APM Companies

Is APM Companies trying to collect a debt from you? Learn more about this collection agency.

Variations on name: APM Financial Solutions, Account Portfolio Management LLC

3325 Street Rd Ste 220 Bensalem, PA 19020

PO Box 33797
Denver, CO 80233

Other Basic Info:

Number of Years in Business: 3

Incorporated by: Michael Chiodo, Mary Weil

Better Business Bureau Report Summary

We researched the Better Business Bureau reports on this company as of February 15, 2012 and did not find any data on APM Companies.

Comments about APM Companies

Read complaints from other consumers about this debt collection agency:

Release of debt or settlement letter 
I agreed to settle a debt in Sept 2009 for an old credit card. I was threatened with being sued, or garnishment of wages. I was 6 months pregnant and scared …

Can they garnish my wages? 
Employee was very demanding. She wanted my account number and a certain amount of money & gave me 2 hours to come up with it.

State and Federal Regulatory Actions (FTC, State Attorney General)

Attorney General McGraw Recovers $7.9 Million for West Virginians from NJ Lawyer Hecker and APM Collection Agencies

CHARLESTON – West Virginia Attorney General Darrell McGraw today announced a settlement with Laurence A. Hecker, a New Jersey lawyer, and several out-of-state debt collection agencies that Hecker represents known as the APM Companies resulting in more than $7.9 million dollars in cancelled debts for West Virginians.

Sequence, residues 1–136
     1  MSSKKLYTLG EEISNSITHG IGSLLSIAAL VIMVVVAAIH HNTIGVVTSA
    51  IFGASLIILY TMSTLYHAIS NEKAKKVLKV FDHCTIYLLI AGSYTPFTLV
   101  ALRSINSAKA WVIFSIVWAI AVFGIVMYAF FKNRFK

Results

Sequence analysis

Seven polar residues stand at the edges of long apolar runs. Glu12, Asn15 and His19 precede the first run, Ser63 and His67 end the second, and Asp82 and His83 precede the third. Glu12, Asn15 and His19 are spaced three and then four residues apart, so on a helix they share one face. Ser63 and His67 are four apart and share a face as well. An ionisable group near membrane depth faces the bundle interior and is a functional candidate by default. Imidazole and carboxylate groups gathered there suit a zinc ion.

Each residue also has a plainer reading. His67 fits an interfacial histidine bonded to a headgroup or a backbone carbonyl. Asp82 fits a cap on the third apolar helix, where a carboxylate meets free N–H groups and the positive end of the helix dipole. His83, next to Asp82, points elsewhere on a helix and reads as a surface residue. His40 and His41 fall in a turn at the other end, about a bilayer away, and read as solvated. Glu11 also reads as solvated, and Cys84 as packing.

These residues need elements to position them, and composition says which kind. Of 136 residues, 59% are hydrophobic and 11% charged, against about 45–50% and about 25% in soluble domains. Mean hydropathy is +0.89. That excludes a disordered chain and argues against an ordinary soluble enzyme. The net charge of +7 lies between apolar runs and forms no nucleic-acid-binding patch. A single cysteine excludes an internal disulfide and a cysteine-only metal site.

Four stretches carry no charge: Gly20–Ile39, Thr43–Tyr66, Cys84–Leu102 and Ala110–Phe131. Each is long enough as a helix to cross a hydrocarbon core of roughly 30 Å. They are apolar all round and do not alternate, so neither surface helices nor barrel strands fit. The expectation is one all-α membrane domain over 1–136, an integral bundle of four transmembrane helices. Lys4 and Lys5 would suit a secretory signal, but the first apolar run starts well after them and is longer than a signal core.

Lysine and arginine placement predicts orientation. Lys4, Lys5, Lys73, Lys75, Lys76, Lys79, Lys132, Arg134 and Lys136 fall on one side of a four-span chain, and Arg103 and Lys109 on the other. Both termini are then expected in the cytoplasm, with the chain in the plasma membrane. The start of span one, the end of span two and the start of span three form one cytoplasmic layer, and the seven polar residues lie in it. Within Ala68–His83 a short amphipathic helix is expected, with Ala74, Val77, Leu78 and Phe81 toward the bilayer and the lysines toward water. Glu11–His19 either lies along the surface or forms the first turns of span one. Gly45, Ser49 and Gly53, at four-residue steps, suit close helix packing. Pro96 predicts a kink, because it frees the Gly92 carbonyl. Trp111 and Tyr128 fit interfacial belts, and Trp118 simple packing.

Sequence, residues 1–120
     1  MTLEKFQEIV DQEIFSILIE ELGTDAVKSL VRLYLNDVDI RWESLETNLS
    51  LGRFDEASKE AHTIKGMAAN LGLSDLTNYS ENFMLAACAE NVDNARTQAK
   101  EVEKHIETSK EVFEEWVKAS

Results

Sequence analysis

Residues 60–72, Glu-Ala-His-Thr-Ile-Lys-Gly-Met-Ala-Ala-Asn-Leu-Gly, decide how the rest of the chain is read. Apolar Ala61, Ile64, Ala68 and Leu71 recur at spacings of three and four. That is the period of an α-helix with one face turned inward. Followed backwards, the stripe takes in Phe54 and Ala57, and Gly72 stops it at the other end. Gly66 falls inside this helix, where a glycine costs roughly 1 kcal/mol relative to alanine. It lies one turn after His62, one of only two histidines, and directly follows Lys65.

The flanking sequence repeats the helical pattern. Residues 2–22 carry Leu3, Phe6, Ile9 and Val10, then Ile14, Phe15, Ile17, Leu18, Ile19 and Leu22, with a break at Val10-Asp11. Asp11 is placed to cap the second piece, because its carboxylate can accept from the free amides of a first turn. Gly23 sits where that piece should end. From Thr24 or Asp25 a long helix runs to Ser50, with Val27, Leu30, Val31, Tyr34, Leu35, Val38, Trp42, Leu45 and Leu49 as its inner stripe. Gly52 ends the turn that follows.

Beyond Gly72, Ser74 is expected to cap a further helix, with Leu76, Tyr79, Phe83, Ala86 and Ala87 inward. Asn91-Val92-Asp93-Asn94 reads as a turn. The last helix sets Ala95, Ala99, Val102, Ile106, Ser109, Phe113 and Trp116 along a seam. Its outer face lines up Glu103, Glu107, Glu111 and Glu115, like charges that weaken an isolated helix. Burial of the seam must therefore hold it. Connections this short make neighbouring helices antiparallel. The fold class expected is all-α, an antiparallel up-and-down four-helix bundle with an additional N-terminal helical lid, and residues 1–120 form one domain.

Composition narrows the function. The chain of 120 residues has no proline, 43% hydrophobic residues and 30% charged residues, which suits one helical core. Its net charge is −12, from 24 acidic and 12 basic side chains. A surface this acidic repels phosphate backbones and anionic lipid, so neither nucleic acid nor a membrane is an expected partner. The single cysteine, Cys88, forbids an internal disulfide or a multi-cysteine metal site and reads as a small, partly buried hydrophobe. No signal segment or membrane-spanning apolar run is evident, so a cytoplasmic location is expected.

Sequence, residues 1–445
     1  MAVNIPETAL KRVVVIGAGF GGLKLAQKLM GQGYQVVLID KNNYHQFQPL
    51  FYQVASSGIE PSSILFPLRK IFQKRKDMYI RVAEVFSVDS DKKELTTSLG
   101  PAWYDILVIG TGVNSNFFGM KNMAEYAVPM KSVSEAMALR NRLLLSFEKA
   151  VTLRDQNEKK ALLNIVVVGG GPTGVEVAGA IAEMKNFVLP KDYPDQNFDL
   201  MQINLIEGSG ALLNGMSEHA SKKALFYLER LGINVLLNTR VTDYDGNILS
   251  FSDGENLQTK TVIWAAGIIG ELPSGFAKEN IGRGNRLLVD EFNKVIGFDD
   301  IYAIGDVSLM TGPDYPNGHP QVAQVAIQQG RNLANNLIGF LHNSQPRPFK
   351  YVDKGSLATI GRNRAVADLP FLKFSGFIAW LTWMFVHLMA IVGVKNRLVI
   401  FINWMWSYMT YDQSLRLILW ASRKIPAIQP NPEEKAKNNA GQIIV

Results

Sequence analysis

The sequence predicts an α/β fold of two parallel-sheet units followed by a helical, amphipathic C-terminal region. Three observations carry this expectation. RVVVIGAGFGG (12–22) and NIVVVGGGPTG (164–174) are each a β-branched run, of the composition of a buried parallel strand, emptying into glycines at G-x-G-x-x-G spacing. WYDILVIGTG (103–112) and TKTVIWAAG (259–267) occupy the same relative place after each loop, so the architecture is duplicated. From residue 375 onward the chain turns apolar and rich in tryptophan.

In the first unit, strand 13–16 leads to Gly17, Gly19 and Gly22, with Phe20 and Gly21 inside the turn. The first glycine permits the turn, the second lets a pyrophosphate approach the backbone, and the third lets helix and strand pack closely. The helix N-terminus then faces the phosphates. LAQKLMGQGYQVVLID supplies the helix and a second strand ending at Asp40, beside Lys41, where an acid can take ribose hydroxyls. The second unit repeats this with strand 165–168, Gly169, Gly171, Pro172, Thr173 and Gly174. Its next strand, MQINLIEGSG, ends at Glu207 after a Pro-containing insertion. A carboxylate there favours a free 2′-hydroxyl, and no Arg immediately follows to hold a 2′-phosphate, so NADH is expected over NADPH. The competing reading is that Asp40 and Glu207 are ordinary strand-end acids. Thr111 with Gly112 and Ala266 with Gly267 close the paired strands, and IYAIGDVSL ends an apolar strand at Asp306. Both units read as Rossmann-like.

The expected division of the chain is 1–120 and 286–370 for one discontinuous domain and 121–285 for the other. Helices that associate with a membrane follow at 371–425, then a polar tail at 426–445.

McGraw’s Consumer Protection Division entered into an agreement with Hecker and his two affiliated Pennsylvania collection agencies, APM Financial Solutions, LLC, and Account Portfolio Management, LLC. The settlement requires the cancellation of $7.9 million dollars in charged-off credit card debt that Hecker and the APM Companies attempted to collect from 1,922 West Virginia consumers. The companies also paid $45,000 toward customer refunds and consumer education and agreed to delete the debts from credit records.

McGraw’s office began investigating them in 2006 after receiving complaints from West Virginia consumers who reported they were threatened with lawsuits and excessively pressured to pay alleged debts. To further embellish the lawsuit threat, Hecker sent letters to consumers on his law office stationery to demand payment of the debts. The Attorney General’s investigation revealed that the majority of the collection attempts were for "time-barred" debts, i.e., debts so old that the statute of limitations to sue had expired and lawsuits were therefore barred by law.

The Attorney General’s Office also discovered that Hecker and the APM Companies – which were attempting to collect debts in West Virginia without being licensed or bonded as required by state law – were demanding payments without any proof that they owned the debts or of the amounts owed other than a computer spreadsheet.

"The credit card industry and predatory lenders have sometimes saddled West Virginia consumers with exorbitant debts," Attorney General McGraw stated. "This unfortunate situation has now evolved into a multibillion-dollar debt-buying industry in which unlawful tactics are used to coerce consumers to pay debts they may not owe with funds they do not have.
"I will not allow consumers facing dire financial circumstances to be crushed by abusive collection practices. My office will continue our vigorous efforts to enforce the law against unscrupulous collection agencies and debt buyers."

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